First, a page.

Mixed Feelings on the Right Over Sharon's Passing
Former Prime Minister Ariel Sharon's death Saturday has elicited a variety of responses, ranging from praise among world leaders to revilement from Palestinian leaders. The mixed reactions have characterized the response among nationalist Israeli leaders as well.
In contrast to Jewish Home Chairman Naftali Bennett, who chose to praise Sharon's military achievements and consciously skip criticism over his 2005 "Disengagement" plan that expelled all Jews from Gaza - saying that the time was not appropriate - former MK Dr. Michael Ben-Ari offered an uncompromising appraisal of Sharon's life, saying that "history judges the results."
"When Ariel Sharon stands before the heavenly court and good and bad angels empty the cases on the scales of judgement, there will be great tension," wrote Ben-Ari on his official Facebook page. "The scales will waver wildly from here to there," as initially his military accomplishments in defending the country will tip the scales in his favor, opines Ben-Ari.
"But then will surely come the 26 destroyed communities in Yamit, flowering greenhouses, vibrant communities, and they will tip the scales against him," writes Ben-Ari. "Expelled residents of Yamit who grew old and wrinkled with the memory of their destroyed efforts, refugees of Gush Katif in Nitzan and Nitzana, waiting for the fulfillment of the promise of 'a solution to every resident,'" he said, alluding to the plight of the refugees of Gush Katif, many of whom remain without permanent housing or employment more than eight years on, despite government promises at the time.
"All these will come and shed their tears and affronts on the scales against him, and again the scales will waver, this time to the left," according to Ben-Ari.
In Ben-Ari's analysis, there is "Sharon the man and Sharon the phenomenon," namely a seemingly right-wing leader who doggedly defends Israel's security but in the end brings tragedy and disaster to Israel by turning left politically.
Ben-Ari continued by saying he was issuing his criticism "because I must, because the danger is crouching at our door, for there are many others in the 'right-wing' figure of Sharon. Declared right-wingers to all appearances, who suddenly flip on us."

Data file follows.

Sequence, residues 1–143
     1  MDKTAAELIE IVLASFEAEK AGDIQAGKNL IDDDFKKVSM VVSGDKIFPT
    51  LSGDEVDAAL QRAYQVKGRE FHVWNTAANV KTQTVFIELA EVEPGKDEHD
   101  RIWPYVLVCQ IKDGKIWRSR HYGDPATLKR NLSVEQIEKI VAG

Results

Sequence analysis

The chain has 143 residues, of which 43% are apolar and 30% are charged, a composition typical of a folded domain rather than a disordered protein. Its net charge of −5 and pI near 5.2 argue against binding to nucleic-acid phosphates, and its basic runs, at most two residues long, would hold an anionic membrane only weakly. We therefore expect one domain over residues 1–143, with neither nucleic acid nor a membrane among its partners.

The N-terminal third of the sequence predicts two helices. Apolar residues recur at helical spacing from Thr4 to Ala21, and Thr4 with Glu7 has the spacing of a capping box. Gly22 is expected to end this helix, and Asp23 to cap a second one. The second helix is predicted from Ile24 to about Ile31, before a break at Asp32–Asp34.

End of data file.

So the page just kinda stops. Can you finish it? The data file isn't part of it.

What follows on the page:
In particular, Ben-Ari pointed the finger at Prime Minister Binyamin Netanyahu, former Prime Ministers Ehud Olmert and Menachem Begin, Justice Minister Tzipi Livni, and Defense Minister Moshe Ya'alon for following the same path of initially pushing for Israeli security only to change suddenly in making concessions.
"When the right-wing ideology is security-based, that's its end," warns Ben-Ari. "Our hold on the land of Israel isn't a matter of security, but rather faith. Rabbi Meir Kahane (Hy''d) said of this: 'I don't want to lose my land, not in war and not in peace.'"
"Sharon, who was a hero in war, brought on us destruction and dangers in the hallucination of peace," concludes Ben-Ari. "A pity over his old age that shamed his great acts."
Sharon - one of the great builders of Israel, and its greatest destroyer
MK Orit Struk (Jewish Home) similarly had mixed words to say about the former leader.
"The truth must be said: Sharon was one of the great builders of the land of Israel, and its greatest destroyer," said Struk. "Someone who knew to defeat terror, and someone who caused all the south of the country to be hit by terror. His great firmness and ability to decide and act enabled him to reach impressive achievements, as well as disastrous processes."
"Alongside our thanks and honor of the great contributions of Sharon to the state of Israel, it is impossible not to also thank G-d, that Sharon was taken from our public lives before he managed to carry out on the residents of Judea, Samaria and the 'Judea Samaria belt' the disaster he conducted on residents of Gush Katif and the Gaza Strip," added Struk.
Meanwhile Benny Katzover, chairman of the grassroots Samaria Residents' Council and former Shomron Regional Council Chairman, expressed his sorrow at Sharon's passing given his personal friendship with the former leader for many years in developing communities in Samaria.
"Personally I feel like a divided soul today," admitted Katzover. "We went together a good part of the way on a long and exciting path in struggling to settle Samaria. We met a man of great stature in terms of his character, abilities and leadership."
"On the other hand, the wound from the process of the 'Disengagement' continues to bleed both in the personal dimension for those expelled, as well as the dimension of faith, hence the divided soul in terms of his character in the overall balance," concluded Katzover.